Mediterranean diet cuts risk in lung cancer screening subjects

2013 08 26 11 46 29 817 Oil And Salad 200

Validating the advice of your health food store clerk (and possibly your Italian grandmother), a new study in the Annals of Oncology has found that the Mediterranean diet -- or at least several components of it -- are associated with significant reductions in the incidence of lung cancer in thousands of CT screening subjects.

In a study of more than 4,000 asymptomatic screening subjects with long smoking histories over a period of nearly six years, the study team from Milan and Florence, Italy found lung cancer rates were higher when smokers and ex-smokers ate a lot of red meat -- but fell significantly when they consumed more olive oil, red wine, tea, and some other components of the Mediterranean diet.

"We found that a diet rich in fruits and vegetables, with olive oil as the main source of fat, a moderate consumption of wine, and a low consumption of red meat, were responsible for the risk reduction," wrote Dr. Patrizia Gnagnarella from the University of Milan, and colleagues, from the Cancer Research and Prevention Institute (ISPO) in Florence (Ann Oncol, August 18, 2013).

The optimal diet?

The Mediterranean diet has long been considered the optimal diet for improved health, longer lifespan, and reduced cancer risk, due to its healthy portions of fatty acids and antioxidants including polyphenolic compounds, carotenoids, and tocophorols that are found in fruits and vegetables, the researchers wrote. A recent meta-analysis found a Mediterranean diet reduces overall mortality and cancer incidence -- an inverse association that a recent European study found was even stronger for smoking-related cancers.

"Certainly, the effect is not due to single nutrients, but to a complex of components having synergistic and antagonistic interactions," Gnagnarella and colleagues wrote. The goal of the current study was to evaluate whether consumption of specific food items and food groups, as well as adherence to a Mediterranean diet, are associated with lung cancer risk in a population receiving CT lung screening.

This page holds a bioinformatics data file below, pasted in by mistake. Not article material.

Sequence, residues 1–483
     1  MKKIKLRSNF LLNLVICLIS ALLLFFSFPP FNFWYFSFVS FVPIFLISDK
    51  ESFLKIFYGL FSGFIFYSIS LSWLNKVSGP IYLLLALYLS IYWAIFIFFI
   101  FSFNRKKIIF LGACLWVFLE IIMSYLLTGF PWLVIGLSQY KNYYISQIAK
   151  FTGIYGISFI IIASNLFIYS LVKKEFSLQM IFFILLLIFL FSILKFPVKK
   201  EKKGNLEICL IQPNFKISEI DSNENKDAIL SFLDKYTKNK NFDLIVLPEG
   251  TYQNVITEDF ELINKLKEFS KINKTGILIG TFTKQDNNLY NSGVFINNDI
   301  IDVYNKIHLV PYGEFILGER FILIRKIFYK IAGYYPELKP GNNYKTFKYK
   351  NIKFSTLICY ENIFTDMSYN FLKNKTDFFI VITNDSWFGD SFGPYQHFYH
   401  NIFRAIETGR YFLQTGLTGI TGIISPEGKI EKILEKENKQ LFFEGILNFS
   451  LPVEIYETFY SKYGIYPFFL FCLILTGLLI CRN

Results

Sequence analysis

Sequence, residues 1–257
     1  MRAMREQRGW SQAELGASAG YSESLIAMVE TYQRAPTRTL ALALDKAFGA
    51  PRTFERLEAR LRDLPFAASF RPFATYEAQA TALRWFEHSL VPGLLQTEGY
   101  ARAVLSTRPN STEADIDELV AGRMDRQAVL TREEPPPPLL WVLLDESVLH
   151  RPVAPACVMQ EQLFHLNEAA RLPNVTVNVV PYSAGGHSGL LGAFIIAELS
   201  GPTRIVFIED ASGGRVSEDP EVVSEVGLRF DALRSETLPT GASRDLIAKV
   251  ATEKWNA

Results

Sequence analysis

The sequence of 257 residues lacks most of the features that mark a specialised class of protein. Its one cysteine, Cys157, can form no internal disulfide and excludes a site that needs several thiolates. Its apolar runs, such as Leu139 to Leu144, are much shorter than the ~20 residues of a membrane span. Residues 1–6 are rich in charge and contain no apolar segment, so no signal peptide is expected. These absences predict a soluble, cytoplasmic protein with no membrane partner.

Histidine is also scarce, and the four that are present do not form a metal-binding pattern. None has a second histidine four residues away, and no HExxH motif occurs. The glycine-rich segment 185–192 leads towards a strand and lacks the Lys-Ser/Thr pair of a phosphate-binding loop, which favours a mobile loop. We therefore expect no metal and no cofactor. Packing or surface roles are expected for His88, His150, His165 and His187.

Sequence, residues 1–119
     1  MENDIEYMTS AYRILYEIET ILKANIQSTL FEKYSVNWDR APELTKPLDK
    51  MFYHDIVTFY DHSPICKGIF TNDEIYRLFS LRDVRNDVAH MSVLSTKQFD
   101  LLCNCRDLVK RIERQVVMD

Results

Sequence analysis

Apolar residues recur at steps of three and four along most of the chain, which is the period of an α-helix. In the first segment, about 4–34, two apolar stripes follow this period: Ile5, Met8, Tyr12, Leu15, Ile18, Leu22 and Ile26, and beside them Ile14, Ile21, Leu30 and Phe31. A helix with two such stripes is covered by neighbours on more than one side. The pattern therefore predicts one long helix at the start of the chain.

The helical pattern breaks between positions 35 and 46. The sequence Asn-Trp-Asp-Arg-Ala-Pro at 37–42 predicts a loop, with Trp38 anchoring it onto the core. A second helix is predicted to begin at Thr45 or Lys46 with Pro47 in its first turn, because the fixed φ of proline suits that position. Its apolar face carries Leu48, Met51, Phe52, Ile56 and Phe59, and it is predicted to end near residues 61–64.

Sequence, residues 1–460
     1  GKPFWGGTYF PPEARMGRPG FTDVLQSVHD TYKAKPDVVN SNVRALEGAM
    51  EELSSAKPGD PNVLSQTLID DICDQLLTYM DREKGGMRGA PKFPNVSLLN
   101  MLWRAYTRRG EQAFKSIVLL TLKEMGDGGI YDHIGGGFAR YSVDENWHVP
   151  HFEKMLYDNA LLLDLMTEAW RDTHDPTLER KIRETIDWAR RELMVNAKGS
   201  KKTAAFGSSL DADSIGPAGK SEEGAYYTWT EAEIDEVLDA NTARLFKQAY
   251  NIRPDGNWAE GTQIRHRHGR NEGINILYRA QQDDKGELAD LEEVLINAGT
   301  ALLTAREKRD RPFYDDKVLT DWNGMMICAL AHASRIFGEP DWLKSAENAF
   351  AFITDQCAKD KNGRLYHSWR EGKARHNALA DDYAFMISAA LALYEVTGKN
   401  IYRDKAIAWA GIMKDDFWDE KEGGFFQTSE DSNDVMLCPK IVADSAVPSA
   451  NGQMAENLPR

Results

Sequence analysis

The study was based on the Continuous Observation of Smoking Subjects (COSMOS) study, a screening program for early lung cancer diagnosis of lung cancer in high-risk individuals using annual low-dose CT (LDCT). In 2004 and 2005, more than 5,000 volunteers age 50 and older were screened annually with CT and completed survey information on their diet via the validated Food Frequency Questionnaire, which assessed the frequency of consumption of 188 different items and beverages.

For each study participant, the alternate Mediterranean diet (aMED) score was developed that added a point for fruits, nuts, cereals, legumes, or fish, and added no points for other foods. Red and processed meat consumption led to the deduction of one point. Moderate alcohol consumption added a point that disappeared for larger amounts. By design, the scores ranged from 0 to 9.

The authors used information on daily intake of select foods and beverages to calculate aMED scores, and plotted incidence rates of lung cancer according to quartiles of food group consumption. The researchers also calculated baseline probabilities for each individual based on age, sex, smoking history, quantity and duration, years since smoking cessation if applicable, and asbestos exposure. Alternate models added additional variables such as education. For simplicity's sake, results were expressed in quartiles, with the highest-consuming individuals of an item assigned to the fourth quartile (Q4), and the lowest-consuming individuals to the first quartile (Q1).

During a mean screening period of 5.7 years, lung cancer was diagnosed in 178 of 4,336 participants (mean age 57 years, 66.1% men). Eighty percent of participants were current smokers. Multivariable analysis showed red meat consumption was associated with an increased cancer risk (Q4 versus Q1, hazard ratio [HR] 1.73).

Diet leads to lower cancer risk